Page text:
In photos, Luna has a toddler’s innocent, quizzical expression, with soft brown eyes and a sweet smile. Ricardo, who returned to his home, a remote city in Guatemala, said that he was tortured by the idea of her being alone and scared in a detention facility.
“It was a great pain during the time I didn’t have access to my daughter,” he said. “Eventually somebody called me, but they didn’t give me information or a chance to talk to her or see her.” Ricardo’s wife, the mother of the young girl, was also distraught. For months, Ricardo said the two begged the American social worker who had been assigned to Luna’s case for the chance to speak to her, but they were told it wasn’t possible.
In February, Luna was transferred from a shelter in Texas to The Southwest Key Juvenile Center Campbell, in Phoenix, Arizona. Southwest Key, a private contractor that operates a number of shelters and detention facilities for unaccompanied immigrant minors, has housed many of the children who were separated from their parents this year. The company has been plagued by allegations of sexual abuse. In August, a Campbell employee was charged with child molestation after sexually assaulting a 14-year-old girl, and on Sept. 19, Arizona’s Department of Health moved to revoke the licenses of the 13 shelters the company operates in the state because of substandard background check procedures for its employees.
Luna’s social worker told Ricardo that it would be up to an immigration judge to determine when — or if — Luna would be sent to Guatemala. “They told us that if a judge decided that she has to stay there, even against the parents’ will, it would happen,” he said. “I’m her father, and I’m here with her mother. How is an immigration judge going to decide that a child is better without the embrace of her parents?”
For months after her transfer to the Phoenix shelter, Ricardo claims that Luna had no contact with her parents. They knew she’d been moved to Arizona and were told it would be some time before she could appear before a judge. But by late spring, the Trump administration’s family separation crisis became a political firestorm, gaining broad media coverage after a court challenge by the ACLU. Finally, in June, Ricardo says his phone rang: “They said they were going to put me in contact with her. I was speechless.” Suddenly, her tiny voice crackled through the line. Ricardo asked if she was all right. “She didn’t reply much,” he said. “It had been a long time since she’d heard my voice so maybe it was strange for her. She said, I’m okay, I’m okay. And that was everything she said that first time.”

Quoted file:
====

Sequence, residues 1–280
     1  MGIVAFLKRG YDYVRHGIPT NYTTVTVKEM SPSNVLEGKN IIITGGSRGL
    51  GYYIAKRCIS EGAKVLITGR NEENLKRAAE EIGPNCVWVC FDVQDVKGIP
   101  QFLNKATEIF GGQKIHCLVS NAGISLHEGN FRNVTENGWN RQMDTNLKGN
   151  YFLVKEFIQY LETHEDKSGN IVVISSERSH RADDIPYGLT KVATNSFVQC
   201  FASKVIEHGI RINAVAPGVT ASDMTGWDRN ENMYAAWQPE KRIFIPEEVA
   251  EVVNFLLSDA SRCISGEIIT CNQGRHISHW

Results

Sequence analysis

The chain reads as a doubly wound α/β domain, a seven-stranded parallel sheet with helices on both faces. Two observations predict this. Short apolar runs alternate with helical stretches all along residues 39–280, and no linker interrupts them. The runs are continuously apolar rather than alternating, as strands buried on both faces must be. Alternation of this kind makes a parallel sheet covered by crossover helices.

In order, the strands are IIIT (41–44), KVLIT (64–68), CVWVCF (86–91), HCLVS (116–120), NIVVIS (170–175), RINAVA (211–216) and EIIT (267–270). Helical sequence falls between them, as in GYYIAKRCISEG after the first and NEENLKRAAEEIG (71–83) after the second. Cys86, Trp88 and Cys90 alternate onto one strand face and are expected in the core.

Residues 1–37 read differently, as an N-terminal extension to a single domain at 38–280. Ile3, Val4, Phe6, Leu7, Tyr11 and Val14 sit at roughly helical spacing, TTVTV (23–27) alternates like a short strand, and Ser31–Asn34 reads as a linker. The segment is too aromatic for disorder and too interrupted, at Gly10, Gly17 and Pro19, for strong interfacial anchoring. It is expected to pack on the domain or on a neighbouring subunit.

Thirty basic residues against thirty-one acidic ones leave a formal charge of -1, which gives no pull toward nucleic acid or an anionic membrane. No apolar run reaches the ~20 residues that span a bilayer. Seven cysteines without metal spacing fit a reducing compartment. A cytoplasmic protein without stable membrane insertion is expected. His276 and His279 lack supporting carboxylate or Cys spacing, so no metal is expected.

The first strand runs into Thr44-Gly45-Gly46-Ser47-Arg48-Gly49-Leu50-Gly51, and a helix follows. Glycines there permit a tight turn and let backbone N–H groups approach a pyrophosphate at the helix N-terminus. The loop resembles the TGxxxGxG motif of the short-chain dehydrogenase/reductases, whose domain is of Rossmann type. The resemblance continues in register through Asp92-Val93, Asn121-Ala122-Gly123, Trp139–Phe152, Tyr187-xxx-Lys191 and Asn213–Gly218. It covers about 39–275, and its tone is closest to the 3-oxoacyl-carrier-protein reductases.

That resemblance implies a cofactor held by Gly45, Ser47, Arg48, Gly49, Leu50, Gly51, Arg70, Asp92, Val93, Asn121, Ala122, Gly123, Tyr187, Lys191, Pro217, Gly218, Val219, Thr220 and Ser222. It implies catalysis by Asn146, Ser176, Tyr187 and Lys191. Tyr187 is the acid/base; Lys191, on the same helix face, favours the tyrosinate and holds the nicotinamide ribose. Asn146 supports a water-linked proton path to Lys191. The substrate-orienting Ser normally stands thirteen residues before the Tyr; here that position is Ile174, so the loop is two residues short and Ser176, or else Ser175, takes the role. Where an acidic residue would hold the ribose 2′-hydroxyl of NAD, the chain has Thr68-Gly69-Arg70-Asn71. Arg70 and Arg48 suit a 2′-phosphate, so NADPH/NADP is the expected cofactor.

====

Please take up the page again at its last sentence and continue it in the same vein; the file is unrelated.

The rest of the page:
After that day, the phone calls became more regular, but Luna was distant and said little. Ricardo and his wife were furious that she hadn’t been sent home yet. “I want to come back. I don’t want to be here anymore,” Luna told Ricardo.
“I believe that [she] is one of the longest detained children who was separated from her parents,” said Golden McCarthy, the director of the Children’s Program at the Florence Immigrant and Refugee Rights Project, which was assigned to represent Luna. “They entered in December. It’s pretty striking, you know. That’s a lifetime for a four-year-old.” McCarthy also said that Luna’s transition to the Campbell facility was “rough for her,” and that it took time for legal advocates to gain her trust enough for her to speak with them.